The British Library launched West Africa: Words, Symbol, Song last week, a major exhibition which will run until 16 February 2016.
Four years in the making, this exhibition is a walk through a treasure trove of west African literature and musical delights, including pieces from over 1,000 years of literary history from the great African empires of the Middle Ages to the complex cultural dynamism of West Africa today.
The exhibition includes rare stories from the region’s 17 nations. Over 200 exhibits give a wider cultural dimension to the rich tapestry of West African history. Go on a journey through the history of the region’s written word – in nearly 2,000 recorded languages, graphic systems and locally invented scripts, some a millennia old.
West Africans invented forms of long-distance communication, for example, the ‘talking drums’. Listen to a recording of Asante atumpan drums, made by Robert Sutherland Rattray in Ghana in 1921. They also created other sonic systems – ‘talking whistles’, for example – as well as coded objects, such as the Nigerian ‘aroko’ messages, formed of cowrie shells and seeds. It all highlights just how important the power of words, symbol and song as forms of communication are in the creation of societies. Words drive culture, political movements, furthers religious and spiritual belief systems and in more modern times, have been used to fight injustice, giving power to the oppressed.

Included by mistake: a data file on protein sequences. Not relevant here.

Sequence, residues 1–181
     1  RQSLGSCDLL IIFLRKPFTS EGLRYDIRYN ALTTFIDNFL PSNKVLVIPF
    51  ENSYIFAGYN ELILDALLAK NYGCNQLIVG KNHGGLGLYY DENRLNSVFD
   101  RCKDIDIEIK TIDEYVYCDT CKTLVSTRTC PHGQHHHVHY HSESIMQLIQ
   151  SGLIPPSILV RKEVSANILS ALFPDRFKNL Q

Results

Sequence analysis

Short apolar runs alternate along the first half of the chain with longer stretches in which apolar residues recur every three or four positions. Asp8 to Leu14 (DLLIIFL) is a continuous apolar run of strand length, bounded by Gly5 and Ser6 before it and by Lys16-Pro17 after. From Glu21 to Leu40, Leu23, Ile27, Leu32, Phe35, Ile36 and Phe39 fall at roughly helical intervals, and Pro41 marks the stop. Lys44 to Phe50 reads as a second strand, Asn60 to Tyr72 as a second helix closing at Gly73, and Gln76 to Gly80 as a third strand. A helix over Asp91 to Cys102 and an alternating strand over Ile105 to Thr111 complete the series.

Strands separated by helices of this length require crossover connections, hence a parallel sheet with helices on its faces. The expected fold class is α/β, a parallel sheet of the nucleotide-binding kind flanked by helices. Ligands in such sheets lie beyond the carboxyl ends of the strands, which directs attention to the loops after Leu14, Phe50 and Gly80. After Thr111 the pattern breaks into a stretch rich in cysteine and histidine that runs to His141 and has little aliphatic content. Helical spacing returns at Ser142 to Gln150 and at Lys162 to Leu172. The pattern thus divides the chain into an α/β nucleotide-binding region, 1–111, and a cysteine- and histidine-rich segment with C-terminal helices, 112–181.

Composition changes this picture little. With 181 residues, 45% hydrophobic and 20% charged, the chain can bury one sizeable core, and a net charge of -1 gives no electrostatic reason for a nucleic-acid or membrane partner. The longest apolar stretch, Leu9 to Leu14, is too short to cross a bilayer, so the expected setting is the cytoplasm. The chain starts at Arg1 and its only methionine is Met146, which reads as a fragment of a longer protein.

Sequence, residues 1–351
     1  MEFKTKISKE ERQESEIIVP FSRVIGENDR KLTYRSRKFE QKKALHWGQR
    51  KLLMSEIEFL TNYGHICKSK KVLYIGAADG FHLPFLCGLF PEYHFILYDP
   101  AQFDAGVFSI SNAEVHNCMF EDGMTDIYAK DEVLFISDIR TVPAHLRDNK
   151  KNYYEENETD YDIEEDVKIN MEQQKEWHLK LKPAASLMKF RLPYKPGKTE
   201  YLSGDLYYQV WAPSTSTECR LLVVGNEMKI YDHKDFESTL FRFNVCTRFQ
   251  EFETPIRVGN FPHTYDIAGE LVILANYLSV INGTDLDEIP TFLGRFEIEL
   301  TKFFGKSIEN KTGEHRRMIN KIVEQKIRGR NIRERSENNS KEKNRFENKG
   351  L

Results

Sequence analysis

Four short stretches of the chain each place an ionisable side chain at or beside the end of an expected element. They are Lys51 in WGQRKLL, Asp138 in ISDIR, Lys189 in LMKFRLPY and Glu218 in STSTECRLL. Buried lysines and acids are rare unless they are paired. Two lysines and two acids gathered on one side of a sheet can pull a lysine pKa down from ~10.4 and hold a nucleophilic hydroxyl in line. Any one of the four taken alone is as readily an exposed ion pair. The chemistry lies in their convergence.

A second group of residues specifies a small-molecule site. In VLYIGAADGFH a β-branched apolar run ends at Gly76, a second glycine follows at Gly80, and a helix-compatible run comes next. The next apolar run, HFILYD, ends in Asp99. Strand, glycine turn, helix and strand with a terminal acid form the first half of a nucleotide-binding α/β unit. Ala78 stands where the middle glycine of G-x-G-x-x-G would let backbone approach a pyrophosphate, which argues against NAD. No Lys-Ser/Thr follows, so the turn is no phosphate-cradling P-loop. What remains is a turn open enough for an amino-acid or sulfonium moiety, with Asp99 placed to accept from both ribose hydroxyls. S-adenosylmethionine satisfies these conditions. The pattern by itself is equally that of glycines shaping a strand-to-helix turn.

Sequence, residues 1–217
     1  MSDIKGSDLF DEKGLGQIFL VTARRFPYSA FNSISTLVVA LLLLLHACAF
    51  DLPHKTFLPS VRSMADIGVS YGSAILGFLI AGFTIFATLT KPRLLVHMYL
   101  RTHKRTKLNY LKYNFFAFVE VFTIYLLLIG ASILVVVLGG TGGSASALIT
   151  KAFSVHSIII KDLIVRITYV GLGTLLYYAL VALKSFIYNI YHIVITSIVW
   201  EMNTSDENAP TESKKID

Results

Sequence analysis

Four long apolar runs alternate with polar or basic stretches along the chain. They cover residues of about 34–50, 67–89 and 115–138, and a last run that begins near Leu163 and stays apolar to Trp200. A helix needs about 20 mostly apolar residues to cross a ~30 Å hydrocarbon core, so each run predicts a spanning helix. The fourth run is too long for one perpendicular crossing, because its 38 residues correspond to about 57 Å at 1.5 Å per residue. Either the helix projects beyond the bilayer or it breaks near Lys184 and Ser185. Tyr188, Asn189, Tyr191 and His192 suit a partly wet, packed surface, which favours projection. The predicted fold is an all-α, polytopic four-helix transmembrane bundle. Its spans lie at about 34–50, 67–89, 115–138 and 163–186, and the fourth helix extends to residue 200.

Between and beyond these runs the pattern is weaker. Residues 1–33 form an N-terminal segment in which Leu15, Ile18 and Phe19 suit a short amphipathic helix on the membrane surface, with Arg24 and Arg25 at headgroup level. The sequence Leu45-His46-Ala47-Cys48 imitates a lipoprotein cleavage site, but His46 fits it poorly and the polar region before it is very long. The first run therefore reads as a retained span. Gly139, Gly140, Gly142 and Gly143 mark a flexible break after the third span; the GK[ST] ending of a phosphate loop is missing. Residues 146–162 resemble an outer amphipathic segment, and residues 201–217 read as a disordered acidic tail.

So what else can you discover? Learn about Mali – purported to be the birthplace of music. Listen to the myth of the founding of ancient Mali in recorded performance. See just how precious literature and books were considered to be in original letters written by 19th-century scholars who fail to return borrowed books to each other. How literature is woven through communities. Wonder at the influence of religion on the region and gaze upon an original saddlebag Qur’an. Celebrate West African writers, artists and scholars including Africa’s first Nobel prize winner, Wole Soyinka. Become enraptured in the vibrant energy and power of song through a fascinating video of the inimitable, internationally-acclaimed musician and human rights activist, Fela Kuti.
The library has unearthed beautiful manuscripts, historic film and sound recordings, books, photographs, and woven and printed textiles including from the depths of its own archives. For some exhibits, this is the first time they have been seen by members of the public.
As the BL team says, “each piece offers a unique insight into a profound and engaging literary culture with centuries-old written heritage existing alongside ancient oral traditions.”
Read further and get prices, times and information about the accompanying education programmes, here.
photo source: writer’s own/ BL